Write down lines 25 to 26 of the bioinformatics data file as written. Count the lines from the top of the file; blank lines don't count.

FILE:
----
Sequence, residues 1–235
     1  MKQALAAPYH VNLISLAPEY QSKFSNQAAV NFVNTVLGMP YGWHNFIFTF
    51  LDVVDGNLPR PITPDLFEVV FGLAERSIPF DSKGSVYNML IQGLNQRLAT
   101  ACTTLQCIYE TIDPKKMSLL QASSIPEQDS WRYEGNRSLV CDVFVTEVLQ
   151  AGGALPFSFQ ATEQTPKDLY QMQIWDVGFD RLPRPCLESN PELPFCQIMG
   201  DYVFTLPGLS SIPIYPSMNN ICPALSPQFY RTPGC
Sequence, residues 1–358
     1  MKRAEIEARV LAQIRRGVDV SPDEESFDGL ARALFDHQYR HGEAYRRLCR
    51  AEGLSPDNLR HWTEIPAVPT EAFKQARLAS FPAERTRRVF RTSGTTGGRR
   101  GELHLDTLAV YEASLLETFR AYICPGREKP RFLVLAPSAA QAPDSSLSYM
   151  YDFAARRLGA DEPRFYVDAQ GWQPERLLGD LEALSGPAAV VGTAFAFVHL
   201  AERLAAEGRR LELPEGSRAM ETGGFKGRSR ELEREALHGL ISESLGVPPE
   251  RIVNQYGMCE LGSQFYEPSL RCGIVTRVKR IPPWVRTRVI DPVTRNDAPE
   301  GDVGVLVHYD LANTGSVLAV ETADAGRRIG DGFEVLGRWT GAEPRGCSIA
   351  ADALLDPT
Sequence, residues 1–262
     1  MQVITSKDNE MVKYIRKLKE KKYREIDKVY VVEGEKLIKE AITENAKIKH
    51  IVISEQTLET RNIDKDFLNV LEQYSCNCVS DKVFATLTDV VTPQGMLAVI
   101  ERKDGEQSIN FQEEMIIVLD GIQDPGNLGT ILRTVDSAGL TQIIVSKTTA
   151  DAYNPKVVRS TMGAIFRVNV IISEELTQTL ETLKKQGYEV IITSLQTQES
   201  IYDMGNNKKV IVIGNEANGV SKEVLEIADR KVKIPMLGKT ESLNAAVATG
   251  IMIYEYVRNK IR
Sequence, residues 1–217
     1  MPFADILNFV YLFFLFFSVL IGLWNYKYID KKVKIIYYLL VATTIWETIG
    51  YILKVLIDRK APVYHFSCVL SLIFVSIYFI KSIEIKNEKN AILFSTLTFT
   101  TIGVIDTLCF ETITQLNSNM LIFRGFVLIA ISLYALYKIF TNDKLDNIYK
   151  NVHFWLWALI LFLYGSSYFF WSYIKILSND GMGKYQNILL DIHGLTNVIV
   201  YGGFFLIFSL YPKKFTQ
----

    51  YILKVLIDRK APVYHFSCVL SLIFVSIYFI KSIEIKNEKN AILFSTLTFT
   101  TIGVIDTLCF ETITQLNSNM LIFRGFVLIA ISLYALYKIF TNDKLDNIYK